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Lethbridge Herald Newspaper Archives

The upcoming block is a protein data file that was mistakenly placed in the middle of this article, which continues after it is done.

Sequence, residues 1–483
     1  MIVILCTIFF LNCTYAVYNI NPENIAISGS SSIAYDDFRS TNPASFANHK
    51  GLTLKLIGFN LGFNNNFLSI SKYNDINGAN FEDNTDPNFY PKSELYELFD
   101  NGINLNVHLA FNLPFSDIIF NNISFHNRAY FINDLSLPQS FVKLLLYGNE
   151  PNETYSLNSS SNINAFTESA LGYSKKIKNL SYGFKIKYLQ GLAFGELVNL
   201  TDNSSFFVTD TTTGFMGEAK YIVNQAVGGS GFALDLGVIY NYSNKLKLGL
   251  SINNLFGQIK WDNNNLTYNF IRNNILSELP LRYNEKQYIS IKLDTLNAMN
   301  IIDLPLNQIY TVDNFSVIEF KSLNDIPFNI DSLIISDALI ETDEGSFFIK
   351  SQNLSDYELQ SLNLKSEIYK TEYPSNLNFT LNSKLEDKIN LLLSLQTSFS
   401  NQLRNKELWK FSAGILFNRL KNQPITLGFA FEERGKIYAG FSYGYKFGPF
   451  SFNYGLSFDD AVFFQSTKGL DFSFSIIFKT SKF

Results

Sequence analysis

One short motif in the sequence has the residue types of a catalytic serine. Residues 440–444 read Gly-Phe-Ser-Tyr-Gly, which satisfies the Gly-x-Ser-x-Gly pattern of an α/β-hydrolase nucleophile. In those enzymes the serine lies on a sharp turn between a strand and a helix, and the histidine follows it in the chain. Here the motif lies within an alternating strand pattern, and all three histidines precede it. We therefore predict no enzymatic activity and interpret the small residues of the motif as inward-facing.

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Lethbridge Herald, The (Newspaper) - June 4, 1974, Lethbridge, Alberta Tuesday, June LETHBRIDGE Menne's victory means more than just money Diving out Atlanta Braves' Darrell Evans tags Phils' Montanez Short major league schedule Monday Met fans were waiting for Pete Rose THE ASSOCIATED PRESS While public enemy Pete Rose was under heavy surveil- lance in New York Monday night, Larry Bowa had Carl Morton all staked out in Phila- delphia. Rose returned to the scene of his playoff scrap with New York's Bud Harrelson last season for the first time and was serenaded with a chorus of boos during Cincinnati Reds' 5-2 National League triumph over the Mets. Meanwhile, Bowa learned something while watching At- lanta pitcher Morton, and he turned his knowledge into a stolen base that set up the tie- breaking run in the Phila- delphia Phillies' 5-2 victory over the Braves. In the only American League games, Minnesota Twins edged Boston Red Sox 5-4 in 12 innings and Baltimore Orioles nipped Kansas City Royals 4-3. The Mets had extra security guards at Shea Stadium and they didn't sell any seats in the left field stands, so left fielder Rose had a quiet evening except for the boos and a first-inning, first-pitch single off Jon Matlack. HAD NO PROBLEMS "All I heard was George Foster calling me off the fly said the National League's Most Valuable Player, who was pelted with bottles and other debris last October following his brawl with Harrelson. "Oh, I heard a few remarks. You know, the stuff like' 'Ya bum, y.a.' But I hear the same stuff around the rest of the league." Three plainclothesmen es- corted Rose from his hotel to the ballpark and then spent the evening in Cincinnati's bullpen in left field. There were few banners, but one of them was a bedsheet inscribed, "Rose is a Bum.2' Did Pete mind it? "Heck. no. Matter of fact, the kid who made that banner showed it to me at the hotel this afternoon." Rose said, "and I signed it for him. I figure, if he goes to all the trouble of making a banner like that, the least I can do is sign it for him." Centre fielder Foster doubled and singled, driving in one run and scoring another, and rim-saving throw from centre field to support Clay Kirby's seven-hit pitching. Del Unser squeezed Bowa home from third base with the Phillies' tie-breaking run in the eighth inning and Willis Montanez followed with a two- run double. Meanwhile, Steve Carlton held the Braves to six hits and struck out 11. Bowa opened the eighth with a single off Morton and went to second on Greg Luzinski's one-out single. Bowa then stole 16th consecutive beat Morton's desperate throw to the plate on Unser's bunt. "I was watching Morton all night." Bowa explained. "'I noticed that he looked only once with a runner at second base and then threw to the plate." Mike Schmidt, whose throw- ing error gave the Braves a first-inning run, drove in Philadelphia's first two runs with a single and his llth homer. Larry Hisle singled home the winning run for the Twins with the bases loaded in the 12th inning, and Bill Hands contributed a brilliant relief stint to notch his 100th major league victory. Steve Braun, who had three hits in the game, opened the 12th with a single off Diego Segui and stole second. Tony Oliva was walked intentionally and, after Bob Darwin flied out, Segui also walked Eric Soderholm, loading the bases. Hisle then drilled his game-winning hit to left field. Hands, who entered the game with an 0-4 record and Leaf ticket prices up TORONTO (CP) It will cost more money to watch To- ronto Maple Leafs play in the National Hockey League next season, it was announced Monday. The seat colors are being changed and the top price will be up from last sea- son. In a letter to subscribers, the Maple Leaf Gardens said the jump in prices is to "meet ever-increasing costs of operating the Maple Leaf Hockey Club." 6.95 earned-run average, pitched 4 2-3 hitless innings, striking out eight and retiring the last 13 batters he faced. Grant Jackson, Baltimore's third pitcher of the seventh in- ning, choked off a Kansas City rally and preserved Baltimore's victory. Doyle Alexander, making only his third start, entered the inning with a 4-1 lead but was replaced by Bob Reynolds with two on and two out. A line single by Amos Otis scored George Brett. Jackson then came on and his first delivery was hit high into short right field by John Mayberry. But Jim Fuller slipped and was charged with an error for failing to catch the ball as Jifn Wohlford scored. Hal McRae then hit into an inning-ending forceout. Wins don't satisfy Dodgers LOS ANGELES (AP) Los Angeles Dodgers are beginning to sound like Oakland group of grumblers. The Dodgers, a first-place team, came home Monday fol- lowing a successful 6-4 road trip sporting a season record of 37-15. the best in baseball, and held a seven-game lead over Cincinnati in the National League West But as the team filed off the Dodgers' private plane, instead of laughter, a sullen silence and a few grumbles could be heard, and they weren't generated by- Sunday's frustrating 7-6 loss to the Cubs in Chicago. The first gripe is perhaps the oldest. Reserve Von Joshua said immediately after the game that he was "fed up" and "wants out" of the Dodger organization because he isn't playing enough. The remark came just after the .238 hitter had banged out a two-run, pinch-hit single in the sixth inning, giving the Dodgers a temporary 4-3 lead. Joshua left the game at that point. Joshua hit .455 in the spring, but has started just three of the Dodgers" 52 games. The next bit of controversy after third baseman Ron Cey and catcher Joe Ferguson collided going for a foul pop-up in the fourth inning. The ball wasn't caught and Cey was charged with an error. "I was calling for it and (Don) Sutton was yelling, 'Penguin, Penguin.' and as far as I know. I'm the only guy on this team known as growled the usually mild-man- nered Cey. "Twenty-thousand people were screaming their heads off." countered Ferguson. "I didn't hear anyone call. But that doesn't matter. I had time to cam under it and that means I could have made the catch." Another argument revolved around a second-inning incident. Dodger manager Walt Alston was irate in the dressing room at a new baseball rule. Cub starter Rick Reuschel brushed back leadoff batter Bill Russell in the first inning and then hit Cey in the left ankle in the second. Plate empire Bruce Froemming immediately fined Reuschel S50. warned him about throwing at another batter and then, in accordance with the new rule, warned Alston and Los Angeles starter Don Sutton that both he and the pitcher would be ejected if there was any retaliation. In the past, the second pitcher to brush someone back would only get a warning, not explusion. "Now the pitcher who starts it gets a token fine and the guy who tries to get even is kicked said Alston angrily. "That's not right." The Joshua incident appar- ently is the most serious. "I met with Alston in St. Louis and told him how I felt.'' said the 5-foot-10, left-hand hitting outfielder. "They've destroyed my confidence. I hit .455 in the spring and then In 11 pinch-hitting apparances this year, Joshua has four hits. CHARLOTTE, N.C. (AF) There'll be no more Monday for Bob Menne. There'll be the Masters. And the Tournament of Champions. And maybe an occasional steak in a real, honest to goodness restaurant. But there'll be no more Mondays. The career struggler, down to his last few dollars before his sudden-death playoff vic- tory over Jerry Heard for the first prize in the Kem- per Open golf tournament, has lifted himself out of the rabbit ranks, those struggling hopefuls who must qualify on Monday mornings to gain their way into the field for the regular pro-golf tour events. Menne, who hadn't made expenses for the last 3Vz years, got into the Kempfer that way. After laying out most of his cash in car repairs on the drive over from Memphis, the personable, quick-witted man from Massachusetts shot a 70 to lead the group of eight men who survived the Monday qualifying for this tourna- ment. Now that's behind him. As" a tournament winner, he's exempt from qualifying for 12 months from the date of his victory. And. with in winnings for the year, he's almost certain to make the list of pros who do not have to qualify for the entire 1975 season. At least briefly, his money problems are over. "I was he said. "Tapped out "We had gas money to Philadelphia (the next stop on the My wife was cook- ing in the motel room. And it wasn't steaks, either." Menne, 32, has been on the tour for six years. Only once has he made expenses for the season. In the last 3Vz years he'd won just "This makes it all worth- while." he said after his first- ever triumph. "Every player out here dreams about winning. Not AASA extends all deadlines The Alberta Amateur Softball Association announced Sunday that the entry deadline for provincial finals has been extended to June 8. All entries and fees must be submitted to Southern Alberta organizer. Rollie Swalm. of- 2179 19th Ave., Medicine Hat. Registration for plavers of minor ball age must be handed in by June 15 and adult ball by June 30. only had I wondered if I'd ever win, I'd wondered if I'd ever play good enough to make a living out here. "This is unbelievable. It's something I've dreamed of since I was a little kid. There have been a few times that 1 VC I.VI1D1UC1 CU IjUibtlUg. AJUt this makes it all worth while "It means the Masters. It means the Tournament of Champions. It means money Golly, And it means no more Mon- days Strang contends he used shadow TORONTO (CP) A Ham- ilton Junior B hockey player told the provincial inquiry into violence in amateur hockey today that he did not use any foreign object in a fight during a brawl-filled playoff game with Bramalea last April 16. "I want to go too far in hockey to use that kind of Kevin Strang, 19, told the inquiry called by Rene Brunelle, Ontario minister of community and social services The inquiry was called following the first game of the Ontario Hockey Association all-Ontario final between the two clubs at Toronto's North York Arena in which 189 minutes in penalties were called. Bramalea won the game 3-2 The following day Bramalea coach Richard Hay resigned and team president Gerry Henderson pulled his club out of the series, saying he feared for the safety of the players if the team went to Hamilton for the second game. Testimony given last week by two Bramalea players and a spectator at the game indicated a Hamilton player had used a foreign object during the brawl. Strang said he never used any type of object or black tape on his hands and added he had an open fist when he pulled down the Bramalea player he was fighting with. He said persons may have thought he had something in his fist because the lighting in the arena was such that shadows might have appeared around his hand Two Toronto police officers on duty at the game testified they saw no indication of any foreign objects being used. ABA to fold up? SAN JOSE, Calif. (AP) The eight-year-old American Basketball Association will dissolve within a month, the San Jose Mercury-News reported Monday. The paper said that a "solid source inside the ABA" said the ABA's New York Nets, Kentucky Colonels, Indiana Pacers and San Antonio Spurs would be absorbed as expansion teams by the rival National Basketball Association. The source attributed the reported demise of the ABA on large players' salaries which "ate up the revenues "The American Basketball Association will fold up its eight-year-old tent within 30 the paper said. "The handwriting has been on the wall for several days." JOINS OLD TEAM Carolina Cougars have apparently sold or released all their players, one of whom, forward Billy Cunningham, is said to have rejoined his old NBA team. Philadelphia "76ers New York Nets are reported to have lost last year, despite the fact that they led the league in attendance. As further proof, the source cited this year's NBA draft, saying the older league drafted three ABA players whose college classes are scheduled to graduate this year. ABA commissioner Mike Storen has insisted that the ABA will be back for another season. An ABA spokesman in New York denied the report "There is no truth to it whatsoever." said the spokesman "We may operate with anywhere from eight to 12 teams next season, but we will operate "We are going ahead with the usual business required in planning for the upcoming season Expo camps MONTREAL (CP) Mon- treal Expos of baseball's Na- tional League announced Mon- day they will hold close to 30 tryout camps from coast to coast in Canada this summer. The first camp will be held in Winnipeg June 29 with the last scheduled for Charlottetown Aug. 16. The trouble with trains. The trouble with trains is they all look alike How can they be different? By the people they use. Take Wally Warner. Assis- tant Superintendent of Transportation, Pacific Region. Wally is concerned with increasing the on-time re- liability of our freight trains He has been part of a group of operating and transportation people which has effected a 30% increase in on-time freight service on certain key trains. They did it by drawing up a detailed plan of operation maintain speed in spite of storms, and other unusual circumstances. (We've added as much as40% more power on some trains.) It's a battle plan, for on- time performance. This kind of planning and action doesn't come out of a machine. It comes from special people. People spurred by the fact they're part of the world's largest investor- owned transportation company. Is this the kind of thinking your firm can use7 Call your District Manager. Trev Jones at 328-3373 ANDY CAP? I THINK I'M GETTIN' SOMEWHERE AT LAST WITH MY SEEN THE TIMS, PET? MOVE ON VOu'LL 8E TCH.' POOR LASS. AIL PSOVE is THAT SHOULD 'AVE GOT IN THE PLACE for these trains and testing it on the ground. (Out of towners call Zenith 0-7337 The plan lists in minute detail, instructions for tram length, weight, amounts of motive power needed to Rail I I I ;